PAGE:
- more solicitation of our thermal power plants due to growing demand, in turn leads to an increase in fuel needs, which Eneo cannot entirely meet due to the lack of liquidity.
All these elements lead to significant generation shortfalls of up to 130 megawatts during some peak evenings. Basically, most of these factors put more pressure on the company’s cash flow. The whole electricity sector in general is plagued by this acute liquidity crisis. For Eneo, this is largely due to huge outstanding unpaid bills, which prevent us from honouring all of our commitments towards our suppliers.
The most visible consequence is reflected in the difficulties encountered in the daily supply of fuel to our thermal power plants, leading to load shedding. Since December, the Prime Minister, Head of Government of Cameroon, informed of this situation, has been able to make an appraisal of the major threats looming over the sector. He has instructed the Ministers and Administrations concerned to take the necessary actions to restore the financial balance of the sector in general. These actions include, among other things, the immediate injection of cash and the mobilizing this year of the funds necessary to clear all the debts. We are hopeful that these measures will be implemented as soon as possible to quickly improve the quality of electrical service.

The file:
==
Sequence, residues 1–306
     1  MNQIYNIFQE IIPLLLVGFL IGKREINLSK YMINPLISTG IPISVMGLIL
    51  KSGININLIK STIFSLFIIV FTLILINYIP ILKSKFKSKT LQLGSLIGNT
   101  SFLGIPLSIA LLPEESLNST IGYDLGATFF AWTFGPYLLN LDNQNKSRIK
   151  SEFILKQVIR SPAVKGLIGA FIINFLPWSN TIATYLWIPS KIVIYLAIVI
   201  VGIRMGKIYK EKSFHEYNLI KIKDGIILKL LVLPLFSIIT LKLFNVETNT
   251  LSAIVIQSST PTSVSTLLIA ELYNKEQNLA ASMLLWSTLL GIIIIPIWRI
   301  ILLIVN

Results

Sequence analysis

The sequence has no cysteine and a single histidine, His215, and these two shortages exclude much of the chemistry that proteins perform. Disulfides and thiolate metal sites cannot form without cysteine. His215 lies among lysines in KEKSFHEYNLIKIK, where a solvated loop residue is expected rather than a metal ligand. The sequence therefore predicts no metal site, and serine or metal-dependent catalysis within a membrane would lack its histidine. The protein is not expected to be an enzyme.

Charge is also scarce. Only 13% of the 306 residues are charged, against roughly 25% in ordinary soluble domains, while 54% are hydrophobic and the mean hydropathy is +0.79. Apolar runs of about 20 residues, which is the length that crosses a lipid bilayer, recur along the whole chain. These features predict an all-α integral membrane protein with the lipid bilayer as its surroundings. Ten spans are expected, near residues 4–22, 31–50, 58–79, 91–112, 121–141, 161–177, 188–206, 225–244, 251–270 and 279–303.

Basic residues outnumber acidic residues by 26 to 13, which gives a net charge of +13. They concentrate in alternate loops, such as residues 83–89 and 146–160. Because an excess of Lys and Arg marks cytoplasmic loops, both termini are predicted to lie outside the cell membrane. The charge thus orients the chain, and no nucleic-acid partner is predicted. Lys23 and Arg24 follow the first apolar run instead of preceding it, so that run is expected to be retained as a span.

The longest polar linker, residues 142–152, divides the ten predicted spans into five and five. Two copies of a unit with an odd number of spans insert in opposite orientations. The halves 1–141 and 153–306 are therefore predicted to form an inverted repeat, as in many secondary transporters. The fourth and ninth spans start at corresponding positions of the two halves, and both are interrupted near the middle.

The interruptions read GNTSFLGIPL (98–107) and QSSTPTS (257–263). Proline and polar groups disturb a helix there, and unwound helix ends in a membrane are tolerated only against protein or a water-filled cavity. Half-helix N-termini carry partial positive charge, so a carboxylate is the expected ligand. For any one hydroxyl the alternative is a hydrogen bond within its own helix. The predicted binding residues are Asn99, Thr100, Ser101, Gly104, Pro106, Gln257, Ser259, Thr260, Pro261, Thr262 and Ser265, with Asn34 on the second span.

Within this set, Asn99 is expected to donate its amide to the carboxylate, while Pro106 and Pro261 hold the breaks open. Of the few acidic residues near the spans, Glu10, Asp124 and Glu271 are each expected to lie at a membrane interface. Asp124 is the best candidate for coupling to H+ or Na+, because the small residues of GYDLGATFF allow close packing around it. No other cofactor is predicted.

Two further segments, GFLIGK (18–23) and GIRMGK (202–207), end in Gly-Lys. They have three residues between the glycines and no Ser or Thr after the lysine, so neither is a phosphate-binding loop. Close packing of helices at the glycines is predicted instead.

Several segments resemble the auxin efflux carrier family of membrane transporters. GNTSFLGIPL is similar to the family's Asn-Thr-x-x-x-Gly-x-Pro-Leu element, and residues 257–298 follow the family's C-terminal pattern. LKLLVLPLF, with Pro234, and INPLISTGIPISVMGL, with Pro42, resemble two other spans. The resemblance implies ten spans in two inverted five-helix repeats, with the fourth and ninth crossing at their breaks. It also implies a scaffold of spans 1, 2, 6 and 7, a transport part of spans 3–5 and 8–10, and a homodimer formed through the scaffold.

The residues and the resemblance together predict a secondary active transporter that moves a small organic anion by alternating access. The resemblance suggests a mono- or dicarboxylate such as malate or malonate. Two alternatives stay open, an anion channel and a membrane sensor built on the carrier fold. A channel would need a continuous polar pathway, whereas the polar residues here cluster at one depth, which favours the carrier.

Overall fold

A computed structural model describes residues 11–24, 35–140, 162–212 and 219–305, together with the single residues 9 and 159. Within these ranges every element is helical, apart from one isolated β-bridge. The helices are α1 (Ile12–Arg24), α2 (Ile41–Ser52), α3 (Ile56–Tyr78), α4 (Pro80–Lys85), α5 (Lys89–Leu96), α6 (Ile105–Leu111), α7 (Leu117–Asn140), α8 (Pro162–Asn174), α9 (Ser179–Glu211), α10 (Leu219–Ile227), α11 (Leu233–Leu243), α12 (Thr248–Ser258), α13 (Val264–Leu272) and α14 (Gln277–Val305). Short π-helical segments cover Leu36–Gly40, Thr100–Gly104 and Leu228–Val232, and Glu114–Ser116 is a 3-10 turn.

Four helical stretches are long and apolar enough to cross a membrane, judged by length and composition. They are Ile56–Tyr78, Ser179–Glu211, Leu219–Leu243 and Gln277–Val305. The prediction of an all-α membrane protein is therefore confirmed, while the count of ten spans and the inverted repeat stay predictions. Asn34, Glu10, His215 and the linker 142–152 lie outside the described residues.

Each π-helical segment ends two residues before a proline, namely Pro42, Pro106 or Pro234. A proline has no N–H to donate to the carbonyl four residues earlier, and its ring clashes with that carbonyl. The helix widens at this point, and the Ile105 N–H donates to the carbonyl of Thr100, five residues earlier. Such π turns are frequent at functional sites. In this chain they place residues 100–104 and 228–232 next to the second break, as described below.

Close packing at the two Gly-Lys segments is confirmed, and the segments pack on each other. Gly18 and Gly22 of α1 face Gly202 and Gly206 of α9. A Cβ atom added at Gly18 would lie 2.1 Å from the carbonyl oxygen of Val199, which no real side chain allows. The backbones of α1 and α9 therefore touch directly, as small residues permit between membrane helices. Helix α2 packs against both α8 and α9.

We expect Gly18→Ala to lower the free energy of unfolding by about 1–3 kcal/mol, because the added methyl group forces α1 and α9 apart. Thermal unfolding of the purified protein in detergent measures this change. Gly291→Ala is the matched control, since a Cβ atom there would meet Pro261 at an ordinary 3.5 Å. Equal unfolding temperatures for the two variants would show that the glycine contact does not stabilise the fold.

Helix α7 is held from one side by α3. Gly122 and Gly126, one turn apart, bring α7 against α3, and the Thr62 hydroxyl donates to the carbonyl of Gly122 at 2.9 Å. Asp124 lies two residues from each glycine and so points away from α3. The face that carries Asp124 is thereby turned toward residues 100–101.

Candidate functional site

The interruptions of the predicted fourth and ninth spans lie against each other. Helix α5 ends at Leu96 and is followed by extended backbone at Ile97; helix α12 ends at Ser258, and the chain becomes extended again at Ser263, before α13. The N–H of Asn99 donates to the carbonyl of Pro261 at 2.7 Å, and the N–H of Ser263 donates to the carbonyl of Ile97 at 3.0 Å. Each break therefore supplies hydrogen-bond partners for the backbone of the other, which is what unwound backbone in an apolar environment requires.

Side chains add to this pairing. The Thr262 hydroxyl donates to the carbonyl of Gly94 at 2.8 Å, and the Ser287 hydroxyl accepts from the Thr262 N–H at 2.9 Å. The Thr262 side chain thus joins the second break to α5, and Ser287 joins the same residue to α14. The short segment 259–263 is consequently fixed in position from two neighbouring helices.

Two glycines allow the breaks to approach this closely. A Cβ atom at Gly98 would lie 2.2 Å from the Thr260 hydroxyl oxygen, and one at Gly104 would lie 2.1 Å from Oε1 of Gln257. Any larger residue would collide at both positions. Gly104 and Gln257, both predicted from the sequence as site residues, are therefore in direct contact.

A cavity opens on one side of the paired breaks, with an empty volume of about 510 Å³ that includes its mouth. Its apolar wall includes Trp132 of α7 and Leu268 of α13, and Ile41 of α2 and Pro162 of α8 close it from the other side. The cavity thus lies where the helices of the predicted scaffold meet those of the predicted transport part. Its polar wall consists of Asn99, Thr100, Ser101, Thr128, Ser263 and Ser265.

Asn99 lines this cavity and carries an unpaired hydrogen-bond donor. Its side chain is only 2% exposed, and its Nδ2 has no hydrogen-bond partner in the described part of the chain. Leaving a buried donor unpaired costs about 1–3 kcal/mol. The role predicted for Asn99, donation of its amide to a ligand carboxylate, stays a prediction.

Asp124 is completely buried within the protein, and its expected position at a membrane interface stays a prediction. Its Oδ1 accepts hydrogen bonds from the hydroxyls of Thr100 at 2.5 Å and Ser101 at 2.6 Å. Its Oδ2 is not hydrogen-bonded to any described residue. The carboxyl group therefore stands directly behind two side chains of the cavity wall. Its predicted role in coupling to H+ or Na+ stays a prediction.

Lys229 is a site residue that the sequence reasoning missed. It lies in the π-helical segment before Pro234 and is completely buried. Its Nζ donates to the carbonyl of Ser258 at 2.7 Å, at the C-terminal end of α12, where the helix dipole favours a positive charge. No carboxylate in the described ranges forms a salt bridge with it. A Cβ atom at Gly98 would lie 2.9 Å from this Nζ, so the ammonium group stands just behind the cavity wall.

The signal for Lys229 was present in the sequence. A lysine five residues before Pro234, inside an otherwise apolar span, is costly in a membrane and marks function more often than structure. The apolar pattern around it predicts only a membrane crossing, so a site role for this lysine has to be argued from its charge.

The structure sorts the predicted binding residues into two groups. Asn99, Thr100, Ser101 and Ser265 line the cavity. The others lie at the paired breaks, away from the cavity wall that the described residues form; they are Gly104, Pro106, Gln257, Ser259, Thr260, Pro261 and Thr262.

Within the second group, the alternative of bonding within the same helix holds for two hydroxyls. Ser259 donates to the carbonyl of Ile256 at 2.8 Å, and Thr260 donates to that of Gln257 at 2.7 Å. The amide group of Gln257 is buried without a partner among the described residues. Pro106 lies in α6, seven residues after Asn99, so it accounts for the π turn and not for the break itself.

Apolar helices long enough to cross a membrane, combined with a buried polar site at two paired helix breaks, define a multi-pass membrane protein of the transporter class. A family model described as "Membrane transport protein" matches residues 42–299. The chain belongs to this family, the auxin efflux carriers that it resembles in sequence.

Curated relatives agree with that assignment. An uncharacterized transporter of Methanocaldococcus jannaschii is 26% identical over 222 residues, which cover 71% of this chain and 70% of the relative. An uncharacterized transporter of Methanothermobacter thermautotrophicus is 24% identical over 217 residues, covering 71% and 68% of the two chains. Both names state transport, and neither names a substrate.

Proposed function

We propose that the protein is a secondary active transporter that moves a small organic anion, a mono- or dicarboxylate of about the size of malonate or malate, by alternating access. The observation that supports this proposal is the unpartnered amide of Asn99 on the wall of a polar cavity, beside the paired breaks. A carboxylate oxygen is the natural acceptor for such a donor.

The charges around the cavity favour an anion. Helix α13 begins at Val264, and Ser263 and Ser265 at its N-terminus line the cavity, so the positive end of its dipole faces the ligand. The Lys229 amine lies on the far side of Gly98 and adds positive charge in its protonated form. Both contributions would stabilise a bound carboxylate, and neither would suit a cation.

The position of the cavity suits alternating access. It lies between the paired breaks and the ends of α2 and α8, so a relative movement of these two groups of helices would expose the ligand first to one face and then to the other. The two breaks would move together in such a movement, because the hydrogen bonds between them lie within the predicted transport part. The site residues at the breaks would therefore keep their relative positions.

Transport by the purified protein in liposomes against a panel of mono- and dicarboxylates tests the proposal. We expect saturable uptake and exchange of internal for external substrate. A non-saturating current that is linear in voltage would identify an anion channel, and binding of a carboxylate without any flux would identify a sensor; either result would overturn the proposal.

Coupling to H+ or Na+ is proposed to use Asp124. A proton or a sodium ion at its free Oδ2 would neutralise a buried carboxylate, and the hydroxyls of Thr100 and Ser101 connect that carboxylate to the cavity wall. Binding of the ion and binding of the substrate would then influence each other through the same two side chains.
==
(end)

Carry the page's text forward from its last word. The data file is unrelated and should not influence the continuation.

« The unprecedented deterioration of the financial situation of Eneo and, consequently, that of the whole electricity sector in Cameroon in 2019 is explained by the accumulation of unpaid bills by some major consumers. » Eric Mansuy
Talking about the problem of wood pole supply, discussions with the government are also going in the right direction. After taking cognizance of the fact that the cutting of wood poles in the northwest dropped due to the security crisis, the government has already agreed in principle that Eneo would source from some forests in the West region. An agreement has just been signed between Eneo and the government to regulate the cutting of eucalyptus trees in the Baleng forest. The next step should be the authorization. We very much hope so. The resumption of supply to our wood plants in the coming weeks should ease things for our technical bases and facilitate their interventions in case of breakdowns. Baleng will supply approximately 20,000 wood poles. Since the annual requirement is about 70,000, we will continue to work with the Ministry of Forestry to authorize the exploitation of the other reserves identified in the West Region.